The fights are shot somewhat tightly but for a very good reason. Shooting the fights close holds the tension and injects the sense of jeopardy and stake into every exchange in the fight choreography. I imagine if the fights were covered entirely in long wide shots, it would lose that sense of scale and the fights would look silly. That said, I had no problem following what’s going on because emotionally it felt right to be watching them that way. And personally, it was doubly fun that the film was set in Hong Kong.

There’s been a common complaint that the characters lacked development, I disagree.  Basically these people all have baggage and they have to band together as a team or fall apart. The film spends time building arcs for its ensemble cast, and it’s sufficient to justify the epic robot monster fights. That’s it, so I don’t understand that complaint. Adding neat little quirks or oddball idiosyncrasies to these characters would have been overkill.

The dialogue is one of the film’s weaker portions. However, depending on how well each actor was able to milk the lines, I was still able to have fun with it. I couldn’t stop cackling at Charlie Day’s fast-paced high-pitched deliveries, who rises above being “Dr. Exposition” and balances the film with comic relief. Day’s exchange with the rival math-based scientist played by Burn Gorman is essentially a cartoon-level quarrel equivalent to Daffy Duck arguing with Bugs Bunny. The math Gorman’s scientist applies is is grade-school at best. Ron Perlman facetiously entertains in flying colors as the Kaiju body parts black marketer Hannibal Chau, the most asshole character name ever created. Idris Elba also adds significant weight as the team leader. So for me, the side characters take the cake from the Charlie Hunnam and Rinko Kikuchi storyline, which was played very straight for story purposes.

Guillermo del Toro is aware of current big-budget blockbuster tropes and differentiates himself from those trends in Pacific Rim. There are no homage or geek references to distract or alienate the audience. Rinko Kikuchi’s Mako character is not sexualized or filmed through a salivating male gaze; she is a real human character with a story and treated as such. The film doesn’t play like a military recruitment advertisement nor has any blatant nationalistic or jingoistic intentions. Perhaps one of my favorite things about Pacific Rim is it tonally divorces itself from post-9/11 sentimentality. The world has its own distinct fictional reality, where destruction is not linked by evoking imagery, memories or emotions from September 11th. Civilians evacuate from buildings, hide in shelters and the streets are clear for the Jaegers to bash the Kaijus. Most importantly, del Toro never dwells heavily on despair or hopelessness and the audience can enjoy the city-wide destruction guilt-free. All those things counted together, Pacific Rim is truly a breath of fresh air amidst current blockbuster aesthetics and a film made with the most earnest intentions.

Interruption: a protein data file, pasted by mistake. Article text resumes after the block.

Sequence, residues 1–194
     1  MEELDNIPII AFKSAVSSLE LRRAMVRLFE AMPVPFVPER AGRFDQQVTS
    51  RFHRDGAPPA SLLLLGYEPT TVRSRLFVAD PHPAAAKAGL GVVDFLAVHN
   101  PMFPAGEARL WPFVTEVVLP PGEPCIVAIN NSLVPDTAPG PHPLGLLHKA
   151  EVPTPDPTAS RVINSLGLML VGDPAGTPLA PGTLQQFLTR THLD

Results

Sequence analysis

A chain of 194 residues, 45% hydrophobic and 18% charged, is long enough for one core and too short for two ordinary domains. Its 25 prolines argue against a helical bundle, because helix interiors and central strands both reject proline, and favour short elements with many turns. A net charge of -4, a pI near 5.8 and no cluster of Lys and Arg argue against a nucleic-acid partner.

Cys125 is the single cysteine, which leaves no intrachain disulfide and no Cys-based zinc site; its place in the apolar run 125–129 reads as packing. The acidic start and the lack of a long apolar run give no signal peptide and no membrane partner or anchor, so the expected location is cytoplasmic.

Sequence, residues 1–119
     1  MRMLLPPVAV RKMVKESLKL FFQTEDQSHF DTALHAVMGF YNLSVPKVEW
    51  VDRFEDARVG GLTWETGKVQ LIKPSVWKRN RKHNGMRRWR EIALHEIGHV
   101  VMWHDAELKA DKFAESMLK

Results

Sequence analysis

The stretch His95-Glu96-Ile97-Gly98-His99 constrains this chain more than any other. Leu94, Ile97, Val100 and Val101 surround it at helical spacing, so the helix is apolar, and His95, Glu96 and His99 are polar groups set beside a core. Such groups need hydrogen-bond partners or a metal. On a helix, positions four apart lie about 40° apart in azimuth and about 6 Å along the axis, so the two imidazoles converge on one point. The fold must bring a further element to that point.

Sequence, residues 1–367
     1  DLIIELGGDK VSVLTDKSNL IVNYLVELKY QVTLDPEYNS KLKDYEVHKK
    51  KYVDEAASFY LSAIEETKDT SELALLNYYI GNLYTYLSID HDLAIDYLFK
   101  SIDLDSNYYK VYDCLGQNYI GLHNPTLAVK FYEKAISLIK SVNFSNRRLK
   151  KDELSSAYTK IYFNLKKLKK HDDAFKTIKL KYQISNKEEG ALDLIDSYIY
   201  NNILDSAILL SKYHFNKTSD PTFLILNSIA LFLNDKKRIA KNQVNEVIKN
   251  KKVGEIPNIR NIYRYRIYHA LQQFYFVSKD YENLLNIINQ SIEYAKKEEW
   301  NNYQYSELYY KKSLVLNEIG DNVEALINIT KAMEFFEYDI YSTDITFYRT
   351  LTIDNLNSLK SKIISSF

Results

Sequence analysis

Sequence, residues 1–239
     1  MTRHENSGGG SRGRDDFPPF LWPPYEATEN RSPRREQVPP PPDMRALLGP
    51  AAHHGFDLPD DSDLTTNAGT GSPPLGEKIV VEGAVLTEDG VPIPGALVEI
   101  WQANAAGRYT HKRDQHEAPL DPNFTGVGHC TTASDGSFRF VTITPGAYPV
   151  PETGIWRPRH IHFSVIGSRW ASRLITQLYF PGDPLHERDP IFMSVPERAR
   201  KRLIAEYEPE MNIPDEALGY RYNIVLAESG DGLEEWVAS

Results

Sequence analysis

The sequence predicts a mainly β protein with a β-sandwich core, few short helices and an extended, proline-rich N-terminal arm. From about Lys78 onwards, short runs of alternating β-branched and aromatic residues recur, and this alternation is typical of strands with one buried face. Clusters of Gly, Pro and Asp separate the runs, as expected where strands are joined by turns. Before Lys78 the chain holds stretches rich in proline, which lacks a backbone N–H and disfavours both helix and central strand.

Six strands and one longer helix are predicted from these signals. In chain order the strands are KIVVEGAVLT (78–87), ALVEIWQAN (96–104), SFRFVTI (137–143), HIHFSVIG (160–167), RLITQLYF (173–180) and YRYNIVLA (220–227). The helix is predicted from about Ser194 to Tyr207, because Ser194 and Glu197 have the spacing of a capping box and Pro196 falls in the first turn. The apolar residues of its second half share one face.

Without an A-list star, a love story or a recognizable established franchise (i.e. Godzilla or Transformers) , it’s not hard to see why Pacific Rim didn’t score at the box office. As Snakes On A Plane proved at its theatrical release, the geek fan base doesn’t represent much of the core population. The geeks merely are just the most vocal. Perhaps other parts of the demographic are alienated just by the material itself, despite that del Toro is aiming to entertain everybody. If there’s one underdog movie people should give a chance to this summer, let it be Pacific Rim. It’s a passionate earnest film made by a director that loves the material and wants to deliver good clean fun with a positive message for everybody. His attention to every little detail exudes his excitement for the material; that passion rubbed off on me and elevated my enjoyment.  It’s the most fun I’ve had watching a movie this summer. Guillermo del Toro, give me a hug!

World War Z by Marc Forster

World War Z by Marc Forster

Gerry Lane, a retired United Nations employee who must travel the world to find a way to stop a zombie pandemic.

I haven’t read the original novel going into World War Z. There have been some complaints that this film departs heavily  from the novel, but apparently the novel reads like a series of personal accounts. If that’s the case, it’s probably more effective to experience the story through a first-person perspective for a film. On with the review…

The PG-13 rating has always been an interesting constraint for horror movies as it cancels the use of gore and forces more ingenuity in creating the scares. Marc Forster creates a constant frantic sense of jeopardy and properly raises the stakes. Even though it’s possible to outsmart and escape from these running zombies, we fear that the characters will eventually fatigue and lose from being outnumbered. The opening set piece was shot too shaky and cut too fast and it seemed like Marc Forster didn’t learn anything from the action in Quantum of Solace. But the set pieces improve as the film progresses.

By the finale, I was fully immersed into this world, alert of everything that can startle the fast-running zombies and looking out for every possible human mistake. I was cringing at every door squeak and wished a can of WD-40 would just fall out of the sky on their laps. That said, the characters don’t make typical stupid horror movie mistakes. Even in times of risk and with the occasional accidental mistake, they take the proper precautions and do the most sensical thing.